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Rio Vista Police Officer Who Was Fired for Lying Wins Job Back, Even Though Department Has Been Disbanded

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Former Rio Vista police Officer Natalie Rafferty demonstrates how she remotely opens the door to her police vehicle, letting K-9 "Rio" out, in video footage contained in an internal investigation. (Via Rio Vista Police Department)

A Rio Vista police officer who was fired last year for dishonesty and making a false arrest was awarded her job back on Tuesday.

The Rio Vista City Council decided to downgrade Officer Natalie Rafferty's termination to a suspension for her involvement in a 2018 incident. The move, though, is largely symbolic because the city disbanded its Police Department late last year. Rafferty will, however, receive back pay.

The reduced discipline is the latest development in the first complete set of officer misconduct cases revealed under a California police transparency law enacted last year.

Rafferty was fired in March 2019 for her actions in the arrest of Katheryn Jenks on Sept. 30, 2018. Jenks had made repeated 911 calls in previous weeks, but each time officers responded, they hadn't found any emergency.

When she again called 911, Rafferty and her partner arrived at Jenks' home and arrested her for making those calls. As the officers forcibly took the 56-year-old into custody, Rafferty’s police dog jumped from the back of the patrol car and mauled Jenks’ arm. Jenks was booked into jail for harassing 911 and felony resisting arrest.


An internal investigation launched by the police chief at the time found that Rafferty did not have grounds for the arrest. That investigation also found that she put false information into her reports to bolster the suggested felony charge and cover up for Jenks’ serious injuries.

The charges against Jenks were dropped in March 2019, after KQED and the Bay Area News Group reported on the internal investigation.

Rafferty appealed her termination and won at arbitration in May. Arbitrator Daniel Saling found that the internal investigation was unfair, and that Mark Siemens, the investigator hired by the city, “omitted or misconstrued evidence to support his findings.”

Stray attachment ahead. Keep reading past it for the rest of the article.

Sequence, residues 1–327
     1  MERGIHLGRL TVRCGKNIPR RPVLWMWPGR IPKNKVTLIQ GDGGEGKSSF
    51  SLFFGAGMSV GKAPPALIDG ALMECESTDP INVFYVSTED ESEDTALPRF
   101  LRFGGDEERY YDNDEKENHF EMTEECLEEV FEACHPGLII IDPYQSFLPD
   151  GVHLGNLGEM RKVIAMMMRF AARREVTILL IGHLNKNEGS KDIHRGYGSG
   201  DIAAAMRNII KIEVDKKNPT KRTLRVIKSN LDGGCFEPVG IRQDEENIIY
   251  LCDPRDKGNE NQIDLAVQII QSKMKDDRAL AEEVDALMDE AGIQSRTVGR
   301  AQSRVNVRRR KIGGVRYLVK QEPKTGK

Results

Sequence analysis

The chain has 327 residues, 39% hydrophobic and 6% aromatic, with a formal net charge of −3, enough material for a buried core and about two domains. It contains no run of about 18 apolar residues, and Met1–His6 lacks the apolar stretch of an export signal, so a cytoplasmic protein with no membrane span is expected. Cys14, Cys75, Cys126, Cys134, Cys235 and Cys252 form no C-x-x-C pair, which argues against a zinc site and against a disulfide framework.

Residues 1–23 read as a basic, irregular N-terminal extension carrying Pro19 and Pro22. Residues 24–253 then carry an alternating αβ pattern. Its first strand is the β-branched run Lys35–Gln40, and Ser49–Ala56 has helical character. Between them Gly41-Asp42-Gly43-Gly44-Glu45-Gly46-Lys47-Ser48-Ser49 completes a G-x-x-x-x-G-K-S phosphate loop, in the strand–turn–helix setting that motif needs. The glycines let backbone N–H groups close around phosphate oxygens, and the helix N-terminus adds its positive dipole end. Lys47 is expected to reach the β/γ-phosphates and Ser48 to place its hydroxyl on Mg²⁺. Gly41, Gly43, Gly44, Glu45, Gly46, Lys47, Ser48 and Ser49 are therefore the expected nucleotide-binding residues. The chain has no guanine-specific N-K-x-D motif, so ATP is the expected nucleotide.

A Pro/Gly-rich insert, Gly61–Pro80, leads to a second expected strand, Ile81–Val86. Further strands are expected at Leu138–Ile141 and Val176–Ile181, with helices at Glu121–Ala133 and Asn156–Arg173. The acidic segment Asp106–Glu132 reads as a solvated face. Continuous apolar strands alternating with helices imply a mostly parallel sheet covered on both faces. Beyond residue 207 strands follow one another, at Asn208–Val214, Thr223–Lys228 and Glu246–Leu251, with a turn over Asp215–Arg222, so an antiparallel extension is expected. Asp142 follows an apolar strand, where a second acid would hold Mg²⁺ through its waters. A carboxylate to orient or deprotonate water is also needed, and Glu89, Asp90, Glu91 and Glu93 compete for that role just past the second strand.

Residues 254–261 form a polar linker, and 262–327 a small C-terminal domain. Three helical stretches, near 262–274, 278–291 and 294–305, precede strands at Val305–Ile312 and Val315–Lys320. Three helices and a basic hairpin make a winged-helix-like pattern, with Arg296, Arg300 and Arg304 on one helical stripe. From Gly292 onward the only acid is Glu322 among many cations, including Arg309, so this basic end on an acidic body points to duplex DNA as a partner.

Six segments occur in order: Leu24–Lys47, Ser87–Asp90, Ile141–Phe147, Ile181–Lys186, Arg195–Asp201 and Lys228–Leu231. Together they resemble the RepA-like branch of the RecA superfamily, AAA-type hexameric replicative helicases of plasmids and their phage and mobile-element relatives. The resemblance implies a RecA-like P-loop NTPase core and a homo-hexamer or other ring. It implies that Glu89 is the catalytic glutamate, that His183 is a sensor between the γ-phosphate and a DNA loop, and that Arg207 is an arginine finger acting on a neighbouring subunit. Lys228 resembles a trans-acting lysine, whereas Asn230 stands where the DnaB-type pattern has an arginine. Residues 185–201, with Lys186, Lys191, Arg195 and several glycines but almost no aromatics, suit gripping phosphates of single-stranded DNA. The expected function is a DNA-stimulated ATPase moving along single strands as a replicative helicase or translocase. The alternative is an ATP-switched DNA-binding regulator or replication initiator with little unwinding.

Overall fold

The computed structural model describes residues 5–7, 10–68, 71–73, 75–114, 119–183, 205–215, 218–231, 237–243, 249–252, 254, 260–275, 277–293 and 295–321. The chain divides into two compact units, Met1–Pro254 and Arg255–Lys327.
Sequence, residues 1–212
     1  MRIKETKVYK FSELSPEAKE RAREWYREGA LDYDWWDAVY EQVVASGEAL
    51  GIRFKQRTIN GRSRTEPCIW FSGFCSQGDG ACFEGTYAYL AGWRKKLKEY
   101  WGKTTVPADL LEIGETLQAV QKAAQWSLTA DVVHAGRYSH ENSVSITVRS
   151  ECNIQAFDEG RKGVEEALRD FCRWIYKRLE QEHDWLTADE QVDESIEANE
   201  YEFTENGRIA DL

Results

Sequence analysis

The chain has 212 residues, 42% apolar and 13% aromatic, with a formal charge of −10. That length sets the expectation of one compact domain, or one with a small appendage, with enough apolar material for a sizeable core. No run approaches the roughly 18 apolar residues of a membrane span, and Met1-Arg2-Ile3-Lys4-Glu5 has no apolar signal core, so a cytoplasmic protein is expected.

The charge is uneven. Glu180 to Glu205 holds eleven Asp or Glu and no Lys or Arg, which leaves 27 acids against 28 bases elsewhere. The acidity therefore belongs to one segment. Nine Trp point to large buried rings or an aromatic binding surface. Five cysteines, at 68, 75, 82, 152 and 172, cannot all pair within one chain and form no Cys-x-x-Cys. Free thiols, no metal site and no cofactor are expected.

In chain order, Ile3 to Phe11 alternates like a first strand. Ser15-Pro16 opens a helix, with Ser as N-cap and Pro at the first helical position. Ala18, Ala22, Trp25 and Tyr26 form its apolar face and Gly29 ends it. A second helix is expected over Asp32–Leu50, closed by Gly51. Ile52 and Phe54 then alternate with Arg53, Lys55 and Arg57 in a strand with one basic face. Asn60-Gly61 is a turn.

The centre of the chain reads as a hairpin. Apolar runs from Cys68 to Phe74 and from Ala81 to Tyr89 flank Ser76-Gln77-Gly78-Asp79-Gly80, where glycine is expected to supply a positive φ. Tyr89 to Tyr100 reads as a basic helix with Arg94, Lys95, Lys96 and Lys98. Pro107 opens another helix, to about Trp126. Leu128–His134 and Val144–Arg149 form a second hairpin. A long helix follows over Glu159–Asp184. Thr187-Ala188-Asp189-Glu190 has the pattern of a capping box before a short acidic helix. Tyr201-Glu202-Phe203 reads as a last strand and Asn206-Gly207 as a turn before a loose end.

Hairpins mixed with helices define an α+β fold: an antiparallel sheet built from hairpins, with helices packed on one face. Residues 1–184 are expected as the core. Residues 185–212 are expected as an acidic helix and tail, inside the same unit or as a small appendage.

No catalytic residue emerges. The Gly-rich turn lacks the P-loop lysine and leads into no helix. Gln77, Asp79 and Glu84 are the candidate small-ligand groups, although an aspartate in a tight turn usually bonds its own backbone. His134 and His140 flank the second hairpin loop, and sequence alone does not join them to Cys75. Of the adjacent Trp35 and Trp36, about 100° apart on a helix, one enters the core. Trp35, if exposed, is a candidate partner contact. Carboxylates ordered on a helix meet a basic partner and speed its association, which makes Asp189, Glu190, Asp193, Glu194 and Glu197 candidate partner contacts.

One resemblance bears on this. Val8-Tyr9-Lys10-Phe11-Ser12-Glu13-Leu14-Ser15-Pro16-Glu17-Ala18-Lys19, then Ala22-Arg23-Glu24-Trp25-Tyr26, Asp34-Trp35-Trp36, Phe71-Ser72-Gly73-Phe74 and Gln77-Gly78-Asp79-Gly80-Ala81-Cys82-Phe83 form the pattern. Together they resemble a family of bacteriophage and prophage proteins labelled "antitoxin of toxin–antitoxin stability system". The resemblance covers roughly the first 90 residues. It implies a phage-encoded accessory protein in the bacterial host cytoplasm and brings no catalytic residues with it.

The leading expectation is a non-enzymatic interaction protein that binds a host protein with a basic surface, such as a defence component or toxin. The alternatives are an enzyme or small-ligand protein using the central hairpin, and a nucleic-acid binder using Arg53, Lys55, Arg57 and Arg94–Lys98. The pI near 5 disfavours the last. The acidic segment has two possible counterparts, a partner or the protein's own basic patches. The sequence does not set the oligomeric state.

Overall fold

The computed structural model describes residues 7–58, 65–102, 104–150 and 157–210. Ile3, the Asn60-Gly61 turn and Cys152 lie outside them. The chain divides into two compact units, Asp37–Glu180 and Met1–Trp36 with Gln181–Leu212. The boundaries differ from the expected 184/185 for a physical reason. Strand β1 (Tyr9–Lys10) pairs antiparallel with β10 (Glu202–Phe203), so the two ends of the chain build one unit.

Saling, however, upheld Rafferty’s three-shift suspension for another incident on June 16, 2018. She was disciplined for her handling of a dagger that had been confiscated from a man on parole for domestic violence. Rafferty returned the dagger to the parolee’s girlfriend. The next day the man was again abusive to his girlfriend, records show.

The Rio Vista City Council heard arguments on June 25 from Rafferty’s lawyer, who said she should be reinstated, and from an attorney for the city, who argued that Saling had ignored key evidence of Rafferty’s misconduct.

The City Council came to a split decision Tuesday, finding the city did have cause to discipline Rafferty for the Jenks incident, but that termination was too harsh. Instead, council members voted to suspend Rafferty without pay for 15 shifts, and to strip her of training and supervision duties. Wages for those shifts will be withheld from her back pay, the City Council decided, which will otherwise include the bulk of last year.

Rafferty can still fight the downgraded discipline decision, and has 90 days to file an appeal in Solano County Superior Court. Her attorney did not immediately respond to requests for comment.

Excessive Force, False Reports Detailed in Rio Vista Police Files

Excessive Force, False Reports Detailed in Rio Vista Police Files

Blair Goss, who works for the law firm representing Jenks in a civil claim against the city, said this split decision is “designed to absolve the city of liability.”

“Meanwhile, Katheryn is still hurt, still can’t use her arm or her hand, and still has pain every day of her life,” Goss said. “And the City Council wants no one to be to blamed for that.”

There is also no police department for Rafferty to return to. Following her firing, and an investigation into Rio Vista Peace Officer Association President Lisa McDowell, a group of residents raised questions about how Chief Dan Dailey was running the department. There were also calls to fire Rob Hickey, the city manager who hired Dailey.

Dailey retired late last year, along with several other officers who resigned or took medical retirement, effectively gutting the small department. The rest of the officers were laid off. In January, the policing contract for Rio Vista was awarded to the Solano County Sheriff.

Rafferty and McDowell have filed an ongoing lawsuit against the city alleging they were discriminated against on the basis of their gender. Both Dailey and the city deny those allegations.

Read the City Council's decision below.

This story was produced by the California Reporting Project, a coalition of 40 news organizations across the state. The project was formed to request and report on previously secret records of police misconduct and use of force in California.

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